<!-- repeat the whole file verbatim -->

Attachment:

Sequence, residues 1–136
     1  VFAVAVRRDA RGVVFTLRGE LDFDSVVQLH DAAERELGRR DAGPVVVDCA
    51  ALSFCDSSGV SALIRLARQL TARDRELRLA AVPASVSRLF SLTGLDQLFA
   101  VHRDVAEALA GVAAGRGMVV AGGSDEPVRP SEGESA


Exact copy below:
Sequence, residues 1–136
     1  VFAVAVRRDA RGVVFTLRGE LDFDSVVQLH DAAERELGRR DAGPVVVDCA
    51  ALSFCDSSGV SALIRLARQL TARDRELRLA AVPASVSRLF SLTGLDQLFA
   101  VHRDVAEALA GVAAGRGMVV AGGSDEPVRP SEGESA